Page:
Monster Hunter Freedom Unite
A couple of glaring flaws almost single-handedly doom Freedom Unite
- Top notch graphics, deep weapon and armour customisation, tons of missions to play through.
- The camera is horrible and the combat is poorly implemented
A bona fide overseas phenomenon, the Monster Hunter franchise hasn't really struck gold with American audiences yet, and it doesn't look like Freedom Unite will be changing that fact any time soon. A decent enough RPG adventure, an otherwise fun and addicting title is bogged down by troublesome combat and an unresponsive camera.
Price$ 69.95 (AUD)
While it's relatively unknown franchise to US gamers, the Monster Hunter series is a beast in Japan, regularly selling hundreds of thousands of copies. Freedom Unite is the latest chapter to be released here and it retains the complexity and depth that the series is known for. However, a couple of glaring flaws almost single-handedly doom Freedom Unite and keep it from becoming a true global phenomenon.
Lights, Camera, Action
Huge-flaw number one: the camera. An important crux of any third-person action title is the ability to always be able to interrupt, act and respond to whatever is going on around your character, and in Freedom Unite that is not always the case. The in-game camera is unreliable and flaky which often leaves you vulnerable in battle. It's hard to survive battles with vicious monsters when the camera suddenly collides with a wall, forcing you out of the frame. It's even worse considering the fact that circle-strafe is an almost necessary tactic.
This brings me to my second complaint: the weak combat. I especially hated the absence of lock-on targeting. This simple addition could have made battles manageable and fun. Without it, engagements that are already made difficult due to the wonky camera become even tougher, especially when you go up against the more agile beasts.
United We Stand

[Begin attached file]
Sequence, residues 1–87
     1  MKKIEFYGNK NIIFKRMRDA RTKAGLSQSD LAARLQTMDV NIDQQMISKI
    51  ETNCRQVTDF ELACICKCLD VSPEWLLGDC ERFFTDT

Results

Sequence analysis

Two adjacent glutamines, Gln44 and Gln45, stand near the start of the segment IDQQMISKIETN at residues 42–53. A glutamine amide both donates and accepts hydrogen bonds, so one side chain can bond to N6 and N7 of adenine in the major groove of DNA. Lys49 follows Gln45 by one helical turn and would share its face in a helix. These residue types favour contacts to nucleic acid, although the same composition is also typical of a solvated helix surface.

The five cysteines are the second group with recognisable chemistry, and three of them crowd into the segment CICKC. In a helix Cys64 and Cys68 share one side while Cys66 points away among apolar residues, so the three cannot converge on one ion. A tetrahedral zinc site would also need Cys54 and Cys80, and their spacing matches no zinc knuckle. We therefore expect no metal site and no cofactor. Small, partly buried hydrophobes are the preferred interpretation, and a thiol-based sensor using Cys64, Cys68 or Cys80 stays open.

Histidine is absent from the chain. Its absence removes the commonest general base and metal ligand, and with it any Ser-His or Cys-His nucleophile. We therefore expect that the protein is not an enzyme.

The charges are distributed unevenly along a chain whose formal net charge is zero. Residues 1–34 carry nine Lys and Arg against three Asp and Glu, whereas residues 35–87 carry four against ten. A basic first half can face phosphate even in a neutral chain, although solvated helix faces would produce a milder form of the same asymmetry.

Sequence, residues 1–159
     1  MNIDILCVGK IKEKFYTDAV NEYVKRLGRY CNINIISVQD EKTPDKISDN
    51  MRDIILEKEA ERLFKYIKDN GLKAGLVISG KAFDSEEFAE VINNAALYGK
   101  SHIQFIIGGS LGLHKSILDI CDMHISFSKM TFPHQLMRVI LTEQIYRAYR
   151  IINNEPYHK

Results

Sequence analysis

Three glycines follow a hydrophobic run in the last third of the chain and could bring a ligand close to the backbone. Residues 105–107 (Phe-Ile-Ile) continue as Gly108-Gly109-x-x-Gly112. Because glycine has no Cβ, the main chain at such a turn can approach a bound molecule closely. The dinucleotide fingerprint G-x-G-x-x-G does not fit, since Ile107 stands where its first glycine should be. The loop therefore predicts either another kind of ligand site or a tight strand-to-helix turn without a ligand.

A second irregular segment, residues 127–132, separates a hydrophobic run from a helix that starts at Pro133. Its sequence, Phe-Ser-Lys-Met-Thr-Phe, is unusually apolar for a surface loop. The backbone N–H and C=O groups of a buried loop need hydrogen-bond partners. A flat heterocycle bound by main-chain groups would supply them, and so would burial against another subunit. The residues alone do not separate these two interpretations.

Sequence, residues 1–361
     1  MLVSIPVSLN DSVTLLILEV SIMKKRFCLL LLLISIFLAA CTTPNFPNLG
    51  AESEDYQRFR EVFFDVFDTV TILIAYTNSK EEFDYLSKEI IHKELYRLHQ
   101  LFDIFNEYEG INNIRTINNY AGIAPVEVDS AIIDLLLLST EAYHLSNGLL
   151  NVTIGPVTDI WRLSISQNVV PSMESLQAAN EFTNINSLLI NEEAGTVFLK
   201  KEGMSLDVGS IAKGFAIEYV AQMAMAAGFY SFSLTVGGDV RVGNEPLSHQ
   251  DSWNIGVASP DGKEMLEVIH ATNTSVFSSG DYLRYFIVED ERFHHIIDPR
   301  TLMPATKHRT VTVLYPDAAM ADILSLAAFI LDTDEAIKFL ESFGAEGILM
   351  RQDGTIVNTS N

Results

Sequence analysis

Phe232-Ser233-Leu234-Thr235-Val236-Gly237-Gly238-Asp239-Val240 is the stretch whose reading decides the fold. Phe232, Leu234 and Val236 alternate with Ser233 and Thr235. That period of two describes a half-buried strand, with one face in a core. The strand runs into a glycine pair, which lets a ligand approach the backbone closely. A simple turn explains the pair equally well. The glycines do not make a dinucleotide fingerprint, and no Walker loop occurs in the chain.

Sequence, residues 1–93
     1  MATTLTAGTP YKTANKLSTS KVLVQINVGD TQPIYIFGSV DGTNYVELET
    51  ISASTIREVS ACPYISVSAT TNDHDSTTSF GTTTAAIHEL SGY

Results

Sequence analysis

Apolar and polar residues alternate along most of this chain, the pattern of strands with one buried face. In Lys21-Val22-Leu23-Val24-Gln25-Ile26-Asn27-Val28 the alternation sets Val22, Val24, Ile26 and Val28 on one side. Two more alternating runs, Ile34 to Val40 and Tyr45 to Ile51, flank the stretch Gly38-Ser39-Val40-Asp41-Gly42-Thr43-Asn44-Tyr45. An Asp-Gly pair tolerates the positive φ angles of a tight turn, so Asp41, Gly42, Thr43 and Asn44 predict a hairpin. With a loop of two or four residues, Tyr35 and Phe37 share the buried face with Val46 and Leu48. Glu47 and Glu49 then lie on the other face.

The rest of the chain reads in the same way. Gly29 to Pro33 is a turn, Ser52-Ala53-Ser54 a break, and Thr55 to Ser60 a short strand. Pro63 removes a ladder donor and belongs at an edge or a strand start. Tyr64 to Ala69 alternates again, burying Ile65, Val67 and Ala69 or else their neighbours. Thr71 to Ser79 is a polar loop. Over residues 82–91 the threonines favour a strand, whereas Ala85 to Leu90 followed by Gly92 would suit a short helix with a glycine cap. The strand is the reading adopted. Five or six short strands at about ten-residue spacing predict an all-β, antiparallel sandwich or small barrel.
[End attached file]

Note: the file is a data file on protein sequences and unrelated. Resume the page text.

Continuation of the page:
While those are really the only two major gripes one can find with the game (besides long load-times), they keep the game from realising its potential. Freedom Unite has some of the best graphics on the PSP, and the character and monster animation is top-notch. There are over 400 missions, which is insanely impressive and the depth of the weapon and armour customisation is ridiculously.
But in the end, all that content feels kind of wasted due to the horrible camera and lacklustre combat. It's like taking a delicious steak and drowning it in a foul smelling sauce; sure, you can get a few good bites here and there but for more most part, you're too busy holding your nose to truly enjoy yourself.
Most Popular Reviews
- 1 Apple iPhone 6 Plus: An in depth review
- 2 Motorola Moto G (2nd Gen.) android smartphone
- 3 HTC One Mini 2 android smartphone
- 4 Oppo Find 7 Android smartphone
- 5 Medion Akoya MD99410 (E1232T) touchscreen laptop
Best Deals on GoodGearGuide
Latest News Articles
- Cisco and Netgear line up behind new Helix 64-bit ARM chips
- Google-backed Thread Group opens membership, wades into home IoT marsh
- Shellshock attacks target QNAP's network storage, FireEye says
- Trying Windows 10 Tech Preview? Keep these 7 things in mind
- Verizon won't throttle unlimited LTE users after all
GGG Evaluation Team
First impression on unpacking the Q702 test unit was the solid feel and clean, minimalist styling.
For work use, Microsoft Word and Excel programs pre-installed on the device are adequate for preparing short documents.
The Fujitsu LifeBook UH574 allowed for great mobility without being obnoxiously heavy or clunky. Its twelve hours of battery life did not disappoint.
The screen was particularly good. It is bright and visible from most angles, however heat is an issue, particularly around the Windows button on the front, and on the back where the battery housing is located.
My first impression after unboxing the Q702 is that it is a nice looking unit. Styling is somewhat minimalist but very effective. The tablet part, once detached, has a nice weight, and no buttons or switches are located in awkward or intrusive positions.